Minorities in India
The victory of the Hindu nationalist party in India’s month-long election was greeted with surprising equanimity by the secretary general of the country’s bishops’ conference. “The church should not be unduly concerned,” said Archbishop Albert D’Souza of Agra. “This result shows the maturity of the Indian electorate. The people have given a decisive verdict for a change.” The archbishop was commenting on the status of Christians in India and how they will fare under the new Hindu-dominated government.
Prime Minister-Elect Narendra Modi, the leader of the Bharatiya Janata Party, will be watched carefully by international observers. As governor of the state of Gujarat, he was strongly criticized for failing to do enough to stop the anti-Muslim protests that killed hundreds of people in 2002. John Dayal, an Indian Catholic and human rights activist, worries about the influence of the extremist Hindu group Rashtriya Swayamsevak Sangh on Mr. Modi’s new government. The group has endorsed a Common Civil Code, which Muslims and Christians both criticize as being too Hindu-centric.
Meanwhile, the persecution of Christians continues. At a hearing before a U.S. Congressional committee in February, human rights advocates reported that Christians were subject to “physical and sexual assaults, murder and desecration of places of worship and graveyards.” We hope Mr. Modi can help stop this trend, but his track record for protecting minority rights is not good. In his home state of Gujarat, a person seeking to convert to another religion must obtain permission from a local magistrate. Mr. Modi was chief minister of Gujarat for over 10 years. Whether he can become a leader for all of India—rich and poor, Hindu, Muslim and Christian—remains to be seen.
Regulating God’s Bank
The Institute for Religious Works, known as the Vatican Bank, is again under scrutiny. According to a recent report by the Financial Information Authority, the Vatican’s financial watchdog, there were 202 “suspicious” transactions in 2013, of which five have been forwarded to a prosecutor. During 2012 there were only six suspicious transactions. René Bruelhart, the Swiss lawyer who heads the F.I.A., explained that the spike in numbers indicates that the new procedures to flag potential problems are working, not that more illegal activity is taking place.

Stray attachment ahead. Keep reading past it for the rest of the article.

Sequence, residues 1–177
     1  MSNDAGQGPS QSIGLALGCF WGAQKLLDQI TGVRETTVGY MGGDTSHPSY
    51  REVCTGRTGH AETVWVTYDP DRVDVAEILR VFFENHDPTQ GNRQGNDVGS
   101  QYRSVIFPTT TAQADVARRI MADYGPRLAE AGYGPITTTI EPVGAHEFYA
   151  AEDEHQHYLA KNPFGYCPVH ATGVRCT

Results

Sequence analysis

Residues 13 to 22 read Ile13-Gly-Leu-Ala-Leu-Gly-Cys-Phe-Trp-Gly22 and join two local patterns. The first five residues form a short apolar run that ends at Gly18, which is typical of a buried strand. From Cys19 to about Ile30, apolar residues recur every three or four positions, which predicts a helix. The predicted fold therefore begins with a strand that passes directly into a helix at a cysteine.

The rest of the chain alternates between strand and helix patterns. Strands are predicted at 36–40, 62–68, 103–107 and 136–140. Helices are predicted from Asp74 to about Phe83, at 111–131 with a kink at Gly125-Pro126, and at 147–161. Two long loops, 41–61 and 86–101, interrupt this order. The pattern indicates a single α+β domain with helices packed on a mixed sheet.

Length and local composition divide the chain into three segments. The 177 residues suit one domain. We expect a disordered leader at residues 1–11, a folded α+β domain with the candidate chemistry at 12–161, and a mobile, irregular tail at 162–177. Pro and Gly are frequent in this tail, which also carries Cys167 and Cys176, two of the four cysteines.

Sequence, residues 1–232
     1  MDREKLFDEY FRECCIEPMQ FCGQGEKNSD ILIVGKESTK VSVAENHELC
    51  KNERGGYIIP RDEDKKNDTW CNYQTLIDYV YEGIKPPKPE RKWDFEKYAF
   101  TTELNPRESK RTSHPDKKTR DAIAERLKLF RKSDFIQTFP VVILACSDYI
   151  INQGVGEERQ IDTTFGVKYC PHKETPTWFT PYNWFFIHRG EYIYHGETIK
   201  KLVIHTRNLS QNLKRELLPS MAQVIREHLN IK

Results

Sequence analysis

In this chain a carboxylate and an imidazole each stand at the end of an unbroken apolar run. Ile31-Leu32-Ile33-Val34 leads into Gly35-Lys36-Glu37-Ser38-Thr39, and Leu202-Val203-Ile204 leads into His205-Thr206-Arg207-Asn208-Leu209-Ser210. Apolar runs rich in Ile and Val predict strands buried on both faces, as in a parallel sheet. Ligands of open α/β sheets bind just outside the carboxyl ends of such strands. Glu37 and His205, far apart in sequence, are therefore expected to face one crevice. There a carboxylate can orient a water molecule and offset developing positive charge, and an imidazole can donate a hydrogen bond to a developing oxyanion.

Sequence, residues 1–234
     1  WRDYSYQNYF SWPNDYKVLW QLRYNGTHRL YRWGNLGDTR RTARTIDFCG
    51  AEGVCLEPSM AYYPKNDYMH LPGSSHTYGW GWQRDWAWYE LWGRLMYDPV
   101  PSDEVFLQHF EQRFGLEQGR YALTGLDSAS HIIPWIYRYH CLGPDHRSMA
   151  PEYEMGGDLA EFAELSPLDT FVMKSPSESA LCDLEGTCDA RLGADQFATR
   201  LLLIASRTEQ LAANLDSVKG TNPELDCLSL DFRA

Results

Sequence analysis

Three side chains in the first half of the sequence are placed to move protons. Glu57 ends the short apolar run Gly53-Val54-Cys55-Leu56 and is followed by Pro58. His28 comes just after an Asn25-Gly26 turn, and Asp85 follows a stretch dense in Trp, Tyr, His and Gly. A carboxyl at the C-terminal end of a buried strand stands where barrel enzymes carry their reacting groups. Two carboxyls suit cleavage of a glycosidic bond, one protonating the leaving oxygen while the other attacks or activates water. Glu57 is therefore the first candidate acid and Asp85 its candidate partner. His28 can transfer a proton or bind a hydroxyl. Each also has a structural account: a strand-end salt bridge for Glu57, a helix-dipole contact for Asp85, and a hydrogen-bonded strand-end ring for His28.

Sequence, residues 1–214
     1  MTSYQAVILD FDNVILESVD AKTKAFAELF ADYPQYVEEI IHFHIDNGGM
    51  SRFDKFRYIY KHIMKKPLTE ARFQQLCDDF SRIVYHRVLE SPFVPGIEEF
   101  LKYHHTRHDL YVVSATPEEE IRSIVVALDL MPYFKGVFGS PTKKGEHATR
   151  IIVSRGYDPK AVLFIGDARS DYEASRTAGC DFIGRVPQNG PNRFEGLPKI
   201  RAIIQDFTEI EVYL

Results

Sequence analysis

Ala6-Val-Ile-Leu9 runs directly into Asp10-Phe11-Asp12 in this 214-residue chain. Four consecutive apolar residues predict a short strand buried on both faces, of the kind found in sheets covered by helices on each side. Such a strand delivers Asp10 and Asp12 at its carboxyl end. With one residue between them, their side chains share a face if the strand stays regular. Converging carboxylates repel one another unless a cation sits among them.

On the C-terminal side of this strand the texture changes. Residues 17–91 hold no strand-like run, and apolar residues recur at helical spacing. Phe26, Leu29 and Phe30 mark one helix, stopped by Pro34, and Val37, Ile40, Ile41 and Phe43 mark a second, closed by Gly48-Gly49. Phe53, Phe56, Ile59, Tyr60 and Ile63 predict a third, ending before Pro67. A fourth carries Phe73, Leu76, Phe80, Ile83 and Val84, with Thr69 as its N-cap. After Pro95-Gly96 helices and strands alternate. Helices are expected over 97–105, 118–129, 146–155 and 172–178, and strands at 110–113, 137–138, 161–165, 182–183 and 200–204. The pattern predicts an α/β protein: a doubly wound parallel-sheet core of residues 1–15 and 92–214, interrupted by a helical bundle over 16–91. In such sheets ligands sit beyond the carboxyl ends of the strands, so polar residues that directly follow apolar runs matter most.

Nevertheless, there is a long way to go in the reform process. “We are not perfect yet,” Bruelhart acknowledged. “I think we are on the right track.”
What was once intended as a savings bank for diplomats, journalists, workers, residents and members of religious orders within the Vatican has been exploited by some for less-than-pious purposes, epitomized last year by one priest employee known for his extravagant lifestyle, called Monsignor Cinquecento because he carried 500 euro banknotes around with him. From the 1980s onward—if not before—the bank served occasionally as a haven for tax evasion, money laundering, shady credit card manipulations and personal enrichment schemes.
Not long after assuming office, Pope Francis charged a committee of cardinals to reform the bank’s operations. Transparency is still not fully engrained in “God’s Bank.” Trust, as the saying goes, “is the coin of the realm.” If the “coin” is in doubt, the question arises: Can the Vatican Bank be truly reformed, or should it be shut down?
Caution: Offenses Ahead
It is puzzling that in a culture where curse words are common in conversation, print and film, and television sagas wallow in rape, decapitations and bloody murder, college reading lists are what some people are worried about. At several universities concerns are being expressed about passages that might offend or hurt students who have had negative experiences like those depicted in works commonly read in classes or by references to racism, classism, sexism and ableism. Some university faculties are being urged to publish “trigger warnings,” like those on some websites. The blog Kyriarchy & Privilege 101 lists the mention of corpses, needles, death, spiders, vomit, childbirth and slimy things as dangers that may require a warning.
Traumatic events can be relived through unforeseen encounters that reawaken the original trauma. Yet students must balance awareness of such triggers with the need to further their academic development. The difficulty is that literature is supposed to hold the mirror up to nature. We read to reflect on our own experiences and to experience the lives of others. We may read love stories that include sin and betrayal so that we may love more responsibly. We read stories of wars that we may suffer in some way with our fellow men and women and thus fight against war itself. To read a classic work with a warning label is to neutralize the author’s intent. To read Shakespeare’s “The Merchant of Venice” only after being warned that it is anti-Semitic is to miss the complexity in Shylock’s character: “Hath not a Jew eyes? Hath not a Jew hands? If you prick us, do we not bleed?” The challenge is there for students to grapple with.